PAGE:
With yet another slap in the face to the United States from those we fought to defend, the Afghan government is set to release 37 prisoners who the US military says are “dangerous insurgents who have Afghan blood on their hands and are linked to terror activities such as roadside bombings and attacks on foreign and government troops” according to a report by CNS News.
The first slap in the face came when the Obama administration handed over Palestinian terrorist Ali Musa Daqduq to the Iraqi government, who in turn released him. He was the Islamic terrorist responsible for the attack in southern Iraq that led to the murder, kidnapping, and ritual dismemberment of US Army Soldiers. Daqduq oversaw the operation that had jihadists donning US military uniforms to gain access to an Army operations base in order to execute their heinous action.
Instead of maintaining custody of Daqduq and transporting him to GITMO, The Obama administration turned him over to the Iraqis – and the rest is another episode of shameful history for the Obama administration.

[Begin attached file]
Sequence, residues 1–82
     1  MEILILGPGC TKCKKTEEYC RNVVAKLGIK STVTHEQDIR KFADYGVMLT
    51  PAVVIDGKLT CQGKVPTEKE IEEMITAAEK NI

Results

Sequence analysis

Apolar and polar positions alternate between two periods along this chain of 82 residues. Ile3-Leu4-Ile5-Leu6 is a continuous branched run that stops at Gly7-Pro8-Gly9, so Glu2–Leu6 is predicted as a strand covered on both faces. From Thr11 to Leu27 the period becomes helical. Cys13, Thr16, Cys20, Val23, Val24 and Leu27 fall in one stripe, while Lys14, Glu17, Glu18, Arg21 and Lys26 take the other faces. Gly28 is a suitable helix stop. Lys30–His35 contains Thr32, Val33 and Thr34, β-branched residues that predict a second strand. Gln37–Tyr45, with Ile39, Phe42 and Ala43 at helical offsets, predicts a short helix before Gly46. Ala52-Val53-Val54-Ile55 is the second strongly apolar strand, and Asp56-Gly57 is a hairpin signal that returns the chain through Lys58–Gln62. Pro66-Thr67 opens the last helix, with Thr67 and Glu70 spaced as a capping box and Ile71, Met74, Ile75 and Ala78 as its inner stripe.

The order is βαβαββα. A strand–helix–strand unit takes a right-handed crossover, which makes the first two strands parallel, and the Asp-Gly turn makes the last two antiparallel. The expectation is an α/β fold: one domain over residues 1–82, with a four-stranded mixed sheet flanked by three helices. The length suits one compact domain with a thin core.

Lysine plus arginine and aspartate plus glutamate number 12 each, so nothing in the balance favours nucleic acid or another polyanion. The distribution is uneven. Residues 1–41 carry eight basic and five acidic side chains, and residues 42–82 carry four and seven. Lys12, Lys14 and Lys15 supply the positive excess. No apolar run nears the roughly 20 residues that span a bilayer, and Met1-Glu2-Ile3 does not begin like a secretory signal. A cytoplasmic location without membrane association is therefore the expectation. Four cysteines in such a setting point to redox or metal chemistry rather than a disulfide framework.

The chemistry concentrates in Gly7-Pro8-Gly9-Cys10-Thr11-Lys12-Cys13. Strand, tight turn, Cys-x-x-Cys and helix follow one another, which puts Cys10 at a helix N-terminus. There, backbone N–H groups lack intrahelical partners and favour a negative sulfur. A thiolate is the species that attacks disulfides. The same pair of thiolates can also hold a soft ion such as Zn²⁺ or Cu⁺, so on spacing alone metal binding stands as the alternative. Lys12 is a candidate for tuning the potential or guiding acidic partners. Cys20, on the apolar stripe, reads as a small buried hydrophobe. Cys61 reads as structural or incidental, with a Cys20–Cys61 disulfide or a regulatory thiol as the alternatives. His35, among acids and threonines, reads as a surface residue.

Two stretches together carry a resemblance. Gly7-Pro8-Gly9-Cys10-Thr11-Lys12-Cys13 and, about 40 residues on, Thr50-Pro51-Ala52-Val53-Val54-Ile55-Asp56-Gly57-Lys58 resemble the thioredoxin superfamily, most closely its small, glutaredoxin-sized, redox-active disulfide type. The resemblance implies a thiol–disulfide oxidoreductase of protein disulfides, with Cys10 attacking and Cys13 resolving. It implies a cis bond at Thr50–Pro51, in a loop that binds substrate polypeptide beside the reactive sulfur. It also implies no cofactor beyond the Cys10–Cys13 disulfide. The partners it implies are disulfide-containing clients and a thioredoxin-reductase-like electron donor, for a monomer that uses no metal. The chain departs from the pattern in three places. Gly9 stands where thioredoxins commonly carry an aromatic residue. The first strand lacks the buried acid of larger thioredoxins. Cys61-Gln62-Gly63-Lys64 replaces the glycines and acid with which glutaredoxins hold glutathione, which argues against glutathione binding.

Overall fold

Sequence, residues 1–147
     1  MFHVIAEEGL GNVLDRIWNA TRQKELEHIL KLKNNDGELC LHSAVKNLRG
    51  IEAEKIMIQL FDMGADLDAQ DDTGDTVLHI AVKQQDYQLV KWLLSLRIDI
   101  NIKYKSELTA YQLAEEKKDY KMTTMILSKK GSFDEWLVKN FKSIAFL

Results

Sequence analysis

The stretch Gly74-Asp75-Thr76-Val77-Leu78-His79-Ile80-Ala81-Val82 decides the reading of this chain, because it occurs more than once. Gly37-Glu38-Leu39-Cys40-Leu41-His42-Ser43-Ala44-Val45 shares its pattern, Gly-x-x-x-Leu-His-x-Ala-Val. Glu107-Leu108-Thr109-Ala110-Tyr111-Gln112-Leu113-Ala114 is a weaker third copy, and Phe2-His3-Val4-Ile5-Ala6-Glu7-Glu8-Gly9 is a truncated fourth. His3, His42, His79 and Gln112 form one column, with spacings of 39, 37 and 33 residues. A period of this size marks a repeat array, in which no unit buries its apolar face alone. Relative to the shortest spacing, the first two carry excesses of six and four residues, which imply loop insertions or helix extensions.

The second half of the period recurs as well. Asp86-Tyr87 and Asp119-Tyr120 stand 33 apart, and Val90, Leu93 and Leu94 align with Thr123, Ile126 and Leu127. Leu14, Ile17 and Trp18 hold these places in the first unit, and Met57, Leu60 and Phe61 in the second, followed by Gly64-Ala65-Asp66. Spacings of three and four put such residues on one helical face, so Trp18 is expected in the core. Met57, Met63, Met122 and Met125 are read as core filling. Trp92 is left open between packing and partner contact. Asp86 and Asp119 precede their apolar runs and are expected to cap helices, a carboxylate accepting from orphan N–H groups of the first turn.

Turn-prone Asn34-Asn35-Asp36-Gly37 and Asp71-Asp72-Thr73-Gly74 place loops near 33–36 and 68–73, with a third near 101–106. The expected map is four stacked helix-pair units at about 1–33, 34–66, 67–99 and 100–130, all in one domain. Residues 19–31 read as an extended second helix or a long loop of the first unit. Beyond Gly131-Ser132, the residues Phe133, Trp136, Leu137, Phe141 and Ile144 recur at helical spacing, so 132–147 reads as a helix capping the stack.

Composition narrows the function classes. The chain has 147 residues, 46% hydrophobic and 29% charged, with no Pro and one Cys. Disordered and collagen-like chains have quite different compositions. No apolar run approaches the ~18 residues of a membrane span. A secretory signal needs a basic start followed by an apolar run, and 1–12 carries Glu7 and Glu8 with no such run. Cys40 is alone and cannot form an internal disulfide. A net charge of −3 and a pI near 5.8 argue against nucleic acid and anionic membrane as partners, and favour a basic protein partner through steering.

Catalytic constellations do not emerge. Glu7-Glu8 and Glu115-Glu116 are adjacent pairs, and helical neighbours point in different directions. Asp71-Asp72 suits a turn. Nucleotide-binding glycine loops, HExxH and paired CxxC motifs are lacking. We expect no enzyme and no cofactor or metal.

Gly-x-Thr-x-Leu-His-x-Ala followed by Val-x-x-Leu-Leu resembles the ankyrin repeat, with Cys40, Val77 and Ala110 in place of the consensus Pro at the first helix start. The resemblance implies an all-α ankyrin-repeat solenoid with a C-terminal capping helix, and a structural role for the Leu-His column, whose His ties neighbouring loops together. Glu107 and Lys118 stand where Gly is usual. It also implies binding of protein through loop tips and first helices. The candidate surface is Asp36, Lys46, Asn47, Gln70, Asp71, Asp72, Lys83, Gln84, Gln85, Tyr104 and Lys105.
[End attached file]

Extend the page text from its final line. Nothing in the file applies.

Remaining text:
The lack of involvement and engagement by President Obama has led to yet another “what difference at this point does it make” moment. Having spent two and a half years in Afghanistan, I have seen first hand that Afghans have no respect — actually wholehearted disdain — for a lack of strength and might, because they see it as weakness.
As a member of the House Armed Services Committee I asked what would happen with the Parwan detention facility detainees, especially those who were foreign born? Well, it seems we’re getting the answer. Imagine what this news does to the morale of our men and women who served in Operation Enduring Freedom? Those still serving face rules of engagement that afford the enemy the advantage. As was clearly evident in “Lone Survivor,” they fear our American media and lawyers more than the enemy.
Former SecDef Gates’ book talked about a president whose heart was not into the mission in Afghanistan. It seems President Hamid Karzai and the Afghan government picked up on that point.
And now it seems instead of “capture and detain” the enemy, it’s turning into catch and eventually release. After all, actually eliminating the enemy draws too much negative attention.